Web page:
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 Post subject: Re: Efficiency vs load analyzed for 20 PSUs
PostPosted: Tue Oct 23, 2012 7:23 am 
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One of the many reasons why I've been recommending it for gaming builds.

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 Post subject: Re: Efficiency vs load analyzed for 20 PSUs
PostPosted: Mon Nov 05, 2012 2:04 pm 
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Thanks a lot for taking the time to make this comparison between the power supplies. I like very much your methodology with lost watts vs watts output, as it gives a much clearer comparison of the power supplies of different ratings. It is difficult to compare efficiencies of two power supplies, one which is 88.xx % efficient at 10 % load of XX watts, to another which is 89.yy % efficient at 10 % load of YY watts. Hopefully the editors of SPCR will consider using a similar methodology.

Both Kingwin power supplies and the TFX Seasonic SS-350TGM are not available here. They look like good contenders for maybe even surpassing the PicoPSU + DC-brick. How would that combo rate in idle power waste?

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 Post subject: Re: Efficiency vs load analyzed for 20 PSUs
PostPosted: Mon Nov 05, 2012 2:55 pm 
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Ralf recently compared the Seasonic G-360, Seasonic SS350 and a pico-PSU and brick combo here.

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 Post subject: Re: Efficiency vs load analyzed for 20 PSUs
PostPosted: Wed Nov 07, 2012 8:04 am 
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Esben wrote:
Thanks a lot for taking the time to make this comparison between the power supplies. I like very much your methodology with lost watts vs watts output, as it gives a much clearer comparison of the power supplies of different ratings. It is difficult to compare efficiencies of two power supplies, one which is 88.xx % efficient at 10 % load of XX watts, to another which is 89.yy % efficient at 10 % load of YY watts. Hopefully the editors of SPCR will consider using a similar methodology.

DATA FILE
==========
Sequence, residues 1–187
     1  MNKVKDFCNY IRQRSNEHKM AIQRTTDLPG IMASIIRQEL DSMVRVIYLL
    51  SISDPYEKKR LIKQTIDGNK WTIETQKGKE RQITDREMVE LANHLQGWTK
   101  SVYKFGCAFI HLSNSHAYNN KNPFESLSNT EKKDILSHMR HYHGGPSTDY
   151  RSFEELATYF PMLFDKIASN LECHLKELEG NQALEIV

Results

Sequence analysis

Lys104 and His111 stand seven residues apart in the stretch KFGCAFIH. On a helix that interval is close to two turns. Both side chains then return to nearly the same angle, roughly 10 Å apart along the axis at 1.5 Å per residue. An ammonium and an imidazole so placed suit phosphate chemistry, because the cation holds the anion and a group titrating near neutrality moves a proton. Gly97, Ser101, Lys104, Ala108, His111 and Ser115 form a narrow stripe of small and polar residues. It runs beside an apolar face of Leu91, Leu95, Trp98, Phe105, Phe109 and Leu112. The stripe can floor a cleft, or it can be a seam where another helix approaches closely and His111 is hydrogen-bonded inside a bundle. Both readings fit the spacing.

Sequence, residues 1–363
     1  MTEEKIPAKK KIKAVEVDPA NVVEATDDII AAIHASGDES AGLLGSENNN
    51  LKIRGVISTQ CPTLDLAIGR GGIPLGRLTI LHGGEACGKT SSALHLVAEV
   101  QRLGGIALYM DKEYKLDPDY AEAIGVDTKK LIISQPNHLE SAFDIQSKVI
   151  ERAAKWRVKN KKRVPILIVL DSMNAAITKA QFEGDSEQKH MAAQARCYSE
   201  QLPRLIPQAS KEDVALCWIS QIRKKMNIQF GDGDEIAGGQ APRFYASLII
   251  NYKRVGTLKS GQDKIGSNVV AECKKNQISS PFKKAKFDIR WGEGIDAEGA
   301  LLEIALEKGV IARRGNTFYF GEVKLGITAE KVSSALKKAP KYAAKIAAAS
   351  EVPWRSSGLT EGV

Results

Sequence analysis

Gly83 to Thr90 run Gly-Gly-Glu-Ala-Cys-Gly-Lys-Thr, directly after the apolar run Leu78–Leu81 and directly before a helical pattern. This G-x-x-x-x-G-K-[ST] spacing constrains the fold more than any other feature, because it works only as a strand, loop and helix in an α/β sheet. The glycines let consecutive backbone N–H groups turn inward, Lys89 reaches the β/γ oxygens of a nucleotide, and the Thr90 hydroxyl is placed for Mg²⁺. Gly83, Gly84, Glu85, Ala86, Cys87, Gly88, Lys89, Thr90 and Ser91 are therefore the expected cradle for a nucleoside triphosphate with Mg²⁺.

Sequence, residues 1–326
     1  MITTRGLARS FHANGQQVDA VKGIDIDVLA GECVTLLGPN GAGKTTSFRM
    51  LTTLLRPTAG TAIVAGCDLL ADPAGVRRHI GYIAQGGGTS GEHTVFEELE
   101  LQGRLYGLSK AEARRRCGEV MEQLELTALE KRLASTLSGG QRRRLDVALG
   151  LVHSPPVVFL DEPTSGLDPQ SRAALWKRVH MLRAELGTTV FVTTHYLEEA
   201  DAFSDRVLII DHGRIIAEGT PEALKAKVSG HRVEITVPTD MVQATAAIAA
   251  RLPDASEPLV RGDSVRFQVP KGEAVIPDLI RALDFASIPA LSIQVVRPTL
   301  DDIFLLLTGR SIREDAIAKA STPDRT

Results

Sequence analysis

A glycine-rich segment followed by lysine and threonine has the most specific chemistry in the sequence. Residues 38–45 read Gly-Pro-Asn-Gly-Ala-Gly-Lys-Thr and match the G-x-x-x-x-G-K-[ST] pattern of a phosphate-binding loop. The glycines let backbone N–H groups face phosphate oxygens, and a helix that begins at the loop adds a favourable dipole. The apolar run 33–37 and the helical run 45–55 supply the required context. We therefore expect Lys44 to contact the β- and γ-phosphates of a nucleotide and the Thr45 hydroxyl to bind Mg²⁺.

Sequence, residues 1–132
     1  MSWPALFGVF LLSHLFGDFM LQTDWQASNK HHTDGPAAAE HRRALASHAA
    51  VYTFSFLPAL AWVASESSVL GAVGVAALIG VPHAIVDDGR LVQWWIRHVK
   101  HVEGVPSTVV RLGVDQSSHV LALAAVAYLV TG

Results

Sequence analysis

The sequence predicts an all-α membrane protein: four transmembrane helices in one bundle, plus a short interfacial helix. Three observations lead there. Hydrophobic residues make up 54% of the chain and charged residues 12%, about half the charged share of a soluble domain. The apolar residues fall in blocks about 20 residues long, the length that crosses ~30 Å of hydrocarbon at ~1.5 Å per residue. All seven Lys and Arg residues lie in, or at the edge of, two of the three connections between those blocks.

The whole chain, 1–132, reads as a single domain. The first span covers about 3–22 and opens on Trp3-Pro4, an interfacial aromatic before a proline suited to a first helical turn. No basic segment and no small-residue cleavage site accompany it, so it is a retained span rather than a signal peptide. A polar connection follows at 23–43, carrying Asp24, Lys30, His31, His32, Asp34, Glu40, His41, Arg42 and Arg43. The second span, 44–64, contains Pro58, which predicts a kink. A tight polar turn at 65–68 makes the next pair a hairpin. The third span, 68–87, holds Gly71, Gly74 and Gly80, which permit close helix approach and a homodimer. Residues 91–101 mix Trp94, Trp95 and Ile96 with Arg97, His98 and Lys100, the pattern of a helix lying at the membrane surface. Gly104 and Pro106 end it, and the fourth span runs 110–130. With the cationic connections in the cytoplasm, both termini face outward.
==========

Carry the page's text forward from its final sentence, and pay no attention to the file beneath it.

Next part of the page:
If you mean to make comparisons of efficiency, perhaps its worth adding to the reviews, but they are already long and complex, and an occasional "here's a summary" comparison article is probably better for this data. But if you mean test at specific output loads instead of at % of rated load....

Since the very first PSU review back in 2002, I've used wattage load points for testing. At first, they were 90W, 150W, 300W, etc... but over the years, the points have been expanded for finer detail and extended all the way down to 20W. iirc, the current test points are 20W, 40W, 65W, 90W, 150W, 200W, 250W, 300W, 400W.... and what happens after that point depends partly on PSU rating. I've never tested for power as % of rated load.

The amount of power lost as heat was introduced into the PSU tested data table of the Kingwin Lazer Platinum 550W Power Supply review back in May 2011... and it's been standard in all PSU reviews since then. I've also encouraged looking at power lost as heat -- as a way of thinking clearly about efficiency -- in many PSU reviews and forum discussions for years.

Steve did a great job of collating the test data into comparison charts, but that data already existed in the reviews.

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 Post subject: Re: Efficiency vs load analyzed for 20 PSUs
PostPosted: Tue Nov 13, 2012 10:56 am 
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Wow, these charts are awesome and really help visualize the difference in efficiency between PSUs - in particular the low-power portion which is of particular interest to me. Nicely done!

The SS-350TGM really stands out in comparison to the rest at low power thanks to these charts.


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 Post subject: Re: Efficiency vs load analyzed for 20 PSUs
PostPosted: Tue Nov 13, 2012 7:41 pm 
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Thanks - glad you liked 'em. More to come in a bit.